As experts in psychometric testing, we often hear clients and even consultants lump DISC and other personality tests together every day when discussing pre-employment assessments.
And really, it's no wonder - there are literally thousands of personality tests out there, all claiming to gain insight into an individual by measuring attitudes, interests, motivation, intelligence, skills, behaviour and personality. It's easy to put them all in the same category.
What's more, the advent of the internet has provided an abundance of free online personality tests that anyone can take. This has further muddied the water to determine what is effective and what isn't.
It's common for a free personality test to build a personality profile that pins down the individual's personality type. This supposedly offers valuable insight on everything from whether you're an extravert or an introvert, to whether you have a positive attitude, to your communication styles. They can be useful for self-knowledge and personal growth, but we would never recommend using them in a professional setting.
On top of that, every single test claims to represent the individual in the best and most productive way.
However, the truth of it is that the psychology behind each method and the proven accuracy of their results will differ hugely depending on the test you take and the model to which they subscribe.
So actually, in some respects, comparing these tests to one another is like comparing apples to oranges, peaches to bananas and so on.
With so many assessment options available, what's a manager to do? This post focuses on a few points every manager and HR professional should know before talking to assessment providers for a recruitment process.
Ipsative vs Normative Testing
The broad description of "personality tests" fall into two distinct types – ipsative and normative.
The main difference between these two types of tests is their purpose. Not every test is built with the same goal in mind.
An employer must understand the differences between these test types because both types can pass the validity and reliability test.
An ipsative test will present your candidate with options equal in desirability - in other words; there are no "wrong answers". The assessment requires them to honestly select which terms are "most true" of them and which are "least true" of them.
Ipsative tests, therefore, indicate how one individual prefers to respond to problems, people, workplace and procedures. They are very effective when used for development, coaching, team building and interpersonal conflict resolution and have extremely high face validity – when a test-taker reads his report; they agree it is very accurate at describing their approach to people and tasks.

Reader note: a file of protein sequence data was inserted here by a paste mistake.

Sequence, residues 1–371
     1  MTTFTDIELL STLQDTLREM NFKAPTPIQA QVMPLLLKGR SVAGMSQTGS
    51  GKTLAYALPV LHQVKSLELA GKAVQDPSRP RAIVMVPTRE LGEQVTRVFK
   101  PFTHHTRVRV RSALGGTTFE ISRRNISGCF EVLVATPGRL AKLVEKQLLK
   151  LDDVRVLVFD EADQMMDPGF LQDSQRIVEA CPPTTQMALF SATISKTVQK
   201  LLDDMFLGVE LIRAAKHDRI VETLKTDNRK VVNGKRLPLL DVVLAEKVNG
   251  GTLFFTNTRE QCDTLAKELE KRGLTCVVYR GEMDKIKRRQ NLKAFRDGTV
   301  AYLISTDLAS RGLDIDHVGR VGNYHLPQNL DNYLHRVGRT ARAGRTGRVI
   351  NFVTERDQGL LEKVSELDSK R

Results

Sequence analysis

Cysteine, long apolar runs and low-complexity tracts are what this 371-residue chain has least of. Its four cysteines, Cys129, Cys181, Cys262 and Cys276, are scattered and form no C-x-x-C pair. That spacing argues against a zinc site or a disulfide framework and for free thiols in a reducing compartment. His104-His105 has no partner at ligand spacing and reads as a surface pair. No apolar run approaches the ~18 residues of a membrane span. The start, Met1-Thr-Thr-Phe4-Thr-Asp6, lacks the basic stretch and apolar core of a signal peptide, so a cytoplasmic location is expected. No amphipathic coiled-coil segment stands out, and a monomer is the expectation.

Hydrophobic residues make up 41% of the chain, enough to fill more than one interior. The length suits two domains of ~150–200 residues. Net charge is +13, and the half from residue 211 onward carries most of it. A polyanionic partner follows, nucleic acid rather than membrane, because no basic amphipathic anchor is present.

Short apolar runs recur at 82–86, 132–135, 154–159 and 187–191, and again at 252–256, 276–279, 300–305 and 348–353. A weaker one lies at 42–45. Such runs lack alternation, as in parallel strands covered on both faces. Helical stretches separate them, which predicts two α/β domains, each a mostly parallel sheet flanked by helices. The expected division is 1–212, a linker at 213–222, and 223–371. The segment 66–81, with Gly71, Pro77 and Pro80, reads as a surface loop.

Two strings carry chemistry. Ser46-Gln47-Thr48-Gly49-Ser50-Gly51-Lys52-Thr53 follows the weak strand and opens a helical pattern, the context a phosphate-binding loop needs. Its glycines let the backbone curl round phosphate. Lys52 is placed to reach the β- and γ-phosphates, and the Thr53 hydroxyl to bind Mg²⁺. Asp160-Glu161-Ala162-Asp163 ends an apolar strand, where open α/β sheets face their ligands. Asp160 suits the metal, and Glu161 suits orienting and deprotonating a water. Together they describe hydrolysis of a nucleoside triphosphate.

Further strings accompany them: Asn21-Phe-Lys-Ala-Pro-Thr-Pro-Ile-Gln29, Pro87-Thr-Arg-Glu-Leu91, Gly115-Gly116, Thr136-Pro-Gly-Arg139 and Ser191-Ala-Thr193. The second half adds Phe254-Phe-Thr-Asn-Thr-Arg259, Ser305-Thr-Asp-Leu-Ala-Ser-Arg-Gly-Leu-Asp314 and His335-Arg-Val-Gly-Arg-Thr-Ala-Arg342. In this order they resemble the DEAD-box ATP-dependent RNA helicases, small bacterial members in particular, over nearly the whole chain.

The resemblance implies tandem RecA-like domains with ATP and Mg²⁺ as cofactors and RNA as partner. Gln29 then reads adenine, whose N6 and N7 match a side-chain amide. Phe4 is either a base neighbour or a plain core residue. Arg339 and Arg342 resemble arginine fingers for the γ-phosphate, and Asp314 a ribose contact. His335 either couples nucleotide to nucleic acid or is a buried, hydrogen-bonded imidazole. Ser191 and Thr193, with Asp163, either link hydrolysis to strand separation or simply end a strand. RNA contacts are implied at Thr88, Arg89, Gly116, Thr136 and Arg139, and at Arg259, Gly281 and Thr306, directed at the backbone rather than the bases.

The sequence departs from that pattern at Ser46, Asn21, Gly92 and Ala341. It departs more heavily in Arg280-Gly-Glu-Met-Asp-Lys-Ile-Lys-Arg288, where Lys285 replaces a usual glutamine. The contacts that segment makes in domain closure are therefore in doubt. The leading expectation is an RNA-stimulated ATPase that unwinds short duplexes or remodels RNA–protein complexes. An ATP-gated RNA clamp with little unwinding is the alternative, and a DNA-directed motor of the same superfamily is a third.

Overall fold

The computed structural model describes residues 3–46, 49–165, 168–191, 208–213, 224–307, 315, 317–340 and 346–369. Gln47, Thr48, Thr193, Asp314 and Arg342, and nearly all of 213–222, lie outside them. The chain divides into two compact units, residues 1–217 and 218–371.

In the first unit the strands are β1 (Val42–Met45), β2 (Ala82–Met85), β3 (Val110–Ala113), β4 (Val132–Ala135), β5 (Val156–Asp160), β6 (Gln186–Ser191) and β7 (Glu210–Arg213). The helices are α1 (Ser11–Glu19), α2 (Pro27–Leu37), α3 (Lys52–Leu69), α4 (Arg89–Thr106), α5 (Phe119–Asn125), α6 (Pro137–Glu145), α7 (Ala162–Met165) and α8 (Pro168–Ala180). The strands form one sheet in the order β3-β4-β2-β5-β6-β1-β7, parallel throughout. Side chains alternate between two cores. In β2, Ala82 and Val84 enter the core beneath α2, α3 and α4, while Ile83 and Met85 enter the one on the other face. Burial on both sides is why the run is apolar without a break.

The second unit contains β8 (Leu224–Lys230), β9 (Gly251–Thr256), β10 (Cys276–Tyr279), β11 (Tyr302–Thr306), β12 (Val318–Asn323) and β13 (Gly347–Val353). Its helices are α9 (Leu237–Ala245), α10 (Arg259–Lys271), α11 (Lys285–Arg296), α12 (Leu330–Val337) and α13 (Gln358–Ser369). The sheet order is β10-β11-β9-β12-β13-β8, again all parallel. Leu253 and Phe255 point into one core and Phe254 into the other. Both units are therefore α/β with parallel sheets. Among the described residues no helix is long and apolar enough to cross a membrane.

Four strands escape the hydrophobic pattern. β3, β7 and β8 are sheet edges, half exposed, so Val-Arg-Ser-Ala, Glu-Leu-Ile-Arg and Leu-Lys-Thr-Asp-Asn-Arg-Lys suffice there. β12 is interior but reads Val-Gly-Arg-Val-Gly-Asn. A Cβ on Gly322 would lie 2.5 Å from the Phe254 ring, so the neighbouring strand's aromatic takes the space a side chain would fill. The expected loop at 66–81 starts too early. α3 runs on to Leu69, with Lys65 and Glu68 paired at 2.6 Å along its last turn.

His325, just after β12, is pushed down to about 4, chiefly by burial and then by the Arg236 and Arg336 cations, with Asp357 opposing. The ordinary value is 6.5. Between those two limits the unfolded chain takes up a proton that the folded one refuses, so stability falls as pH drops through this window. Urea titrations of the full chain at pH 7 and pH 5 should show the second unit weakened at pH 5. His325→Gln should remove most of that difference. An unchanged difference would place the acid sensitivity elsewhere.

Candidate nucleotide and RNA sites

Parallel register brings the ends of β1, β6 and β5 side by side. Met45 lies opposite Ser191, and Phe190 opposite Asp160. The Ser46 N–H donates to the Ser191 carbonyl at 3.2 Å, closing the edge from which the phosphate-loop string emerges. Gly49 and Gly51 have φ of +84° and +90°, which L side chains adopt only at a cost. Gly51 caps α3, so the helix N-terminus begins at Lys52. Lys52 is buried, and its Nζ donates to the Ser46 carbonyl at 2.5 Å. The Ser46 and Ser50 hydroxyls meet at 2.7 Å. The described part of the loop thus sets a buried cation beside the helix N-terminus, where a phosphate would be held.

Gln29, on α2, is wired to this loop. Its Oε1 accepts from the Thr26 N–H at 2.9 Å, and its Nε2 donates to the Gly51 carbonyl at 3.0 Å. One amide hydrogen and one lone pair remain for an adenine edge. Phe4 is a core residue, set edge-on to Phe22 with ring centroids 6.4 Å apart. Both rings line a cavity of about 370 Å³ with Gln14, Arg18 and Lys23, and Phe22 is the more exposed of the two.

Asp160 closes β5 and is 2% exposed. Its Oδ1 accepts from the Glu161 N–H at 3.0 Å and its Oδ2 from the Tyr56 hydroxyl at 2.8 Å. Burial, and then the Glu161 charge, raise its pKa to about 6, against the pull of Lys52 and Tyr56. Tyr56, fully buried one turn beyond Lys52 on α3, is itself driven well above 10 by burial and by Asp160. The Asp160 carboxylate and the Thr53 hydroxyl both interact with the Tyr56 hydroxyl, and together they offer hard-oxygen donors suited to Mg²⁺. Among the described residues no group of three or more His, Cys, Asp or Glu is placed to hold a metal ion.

Normative assessments measure quantifiable personality characteristics on individual scales.
An individual's "score" measures a specific characteristic against confirmed patterns of normality, usually represented as a bell curve. Normative testing allows people to be compared with particular groups and populations.
What is DISC personality testing?
DISC is an acronym that stands for four main personality profiles: (D)ominance, (I)nfluence, (S)teadiness and (C)conscientiousness.
After completing a DISC personality test, you'll be scored on each of these four traits, building your DISC profile.
Like the hundreds of other assessments based on the four style behavioural model, DISC reports the relative strengths of the person being tested.
For instance, D represents "direct" or "dominance", and S represents "steady." If a DISC test reports an individual is "high D" and "low S," according to the model, this means this person is more energised by asserting themselves in dealing with problems than maintaining a steady pace.
However, this is not always accurate or specific. Just because an individual describes himself as direct does not mean he will be effective at asserting himself or making decisions. It is also not an accurate predictor of how much more or less assertive he might be compared to other "high D" co-workers.
A DISC assessment is considered an ipsative test. Ipsative literally means "of the self", which can create a lot of room for ambiguity and inaccuracy.
It offers little correlation at comparative strength of relationship skills or task completion between one person and another, making DISC assessments largely ineffective when recruiting.
Which recruitment testing is better to use in recruitment?
Generally speaking, it's widely acknowledged that ipsative tests should not be used in recruitment and selection as the exclusive assessment and should never be used to predict performance or job fit.
A DISC assessment will only rate your candidate on the DISC factors and leave little room for accurate life comparison.
In business, normative testing allows individuals to be compared to other employees who have met with success or failure in a job. The expectation of managers using normative tests is that they can predict which candidates will have the best chances of success if hired or promoted and to avoid placing the wrong employee in the wrong position.
Therefore, normative tests are best suited as a recruitment and selection instrument but can also be useful in development, coaching, and training.
Normative testing generally has higher validity than ipsative. Depending on the instrument used, the predictive or criterion validity can be 70 per cent or higher depending on the assessment and the job.
Reproduced with permission from http://www.super-solutions.com